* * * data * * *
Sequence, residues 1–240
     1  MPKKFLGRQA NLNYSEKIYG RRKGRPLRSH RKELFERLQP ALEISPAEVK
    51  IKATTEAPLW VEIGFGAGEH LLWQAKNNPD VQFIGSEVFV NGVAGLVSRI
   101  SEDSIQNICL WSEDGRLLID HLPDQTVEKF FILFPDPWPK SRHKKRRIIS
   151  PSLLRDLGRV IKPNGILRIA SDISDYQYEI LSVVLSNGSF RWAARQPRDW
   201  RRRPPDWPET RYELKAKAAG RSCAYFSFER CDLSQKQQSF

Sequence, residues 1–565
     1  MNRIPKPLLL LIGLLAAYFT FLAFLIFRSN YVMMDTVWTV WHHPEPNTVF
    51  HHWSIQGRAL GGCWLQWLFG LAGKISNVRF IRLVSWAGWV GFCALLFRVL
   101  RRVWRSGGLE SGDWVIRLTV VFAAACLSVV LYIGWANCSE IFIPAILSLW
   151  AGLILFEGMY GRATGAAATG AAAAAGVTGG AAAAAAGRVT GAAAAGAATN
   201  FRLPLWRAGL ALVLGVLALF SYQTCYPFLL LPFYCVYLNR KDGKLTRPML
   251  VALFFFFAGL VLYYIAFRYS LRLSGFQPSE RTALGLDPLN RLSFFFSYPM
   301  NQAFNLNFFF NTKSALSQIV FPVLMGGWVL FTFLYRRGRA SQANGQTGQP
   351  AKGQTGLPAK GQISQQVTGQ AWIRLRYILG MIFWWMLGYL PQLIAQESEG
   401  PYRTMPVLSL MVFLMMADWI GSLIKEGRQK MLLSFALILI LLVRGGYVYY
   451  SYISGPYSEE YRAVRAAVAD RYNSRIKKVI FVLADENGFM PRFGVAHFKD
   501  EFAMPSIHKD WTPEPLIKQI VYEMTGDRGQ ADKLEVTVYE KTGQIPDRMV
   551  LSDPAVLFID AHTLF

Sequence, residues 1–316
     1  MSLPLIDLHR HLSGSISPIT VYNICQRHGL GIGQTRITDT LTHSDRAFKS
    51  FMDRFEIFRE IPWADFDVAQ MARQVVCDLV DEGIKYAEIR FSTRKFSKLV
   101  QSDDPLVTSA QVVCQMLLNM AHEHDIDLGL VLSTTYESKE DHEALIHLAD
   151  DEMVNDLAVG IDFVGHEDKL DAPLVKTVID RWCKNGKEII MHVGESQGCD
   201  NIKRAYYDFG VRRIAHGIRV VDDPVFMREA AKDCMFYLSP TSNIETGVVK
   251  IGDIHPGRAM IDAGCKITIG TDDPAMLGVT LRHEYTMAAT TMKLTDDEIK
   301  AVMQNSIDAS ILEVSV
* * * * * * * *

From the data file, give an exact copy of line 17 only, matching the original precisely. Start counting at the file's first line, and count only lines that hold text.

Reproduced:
   451  SYISGPYSEE YRAVRAAVAD RYNSRIKKVI FVLADENGFM PRFGVAHFKD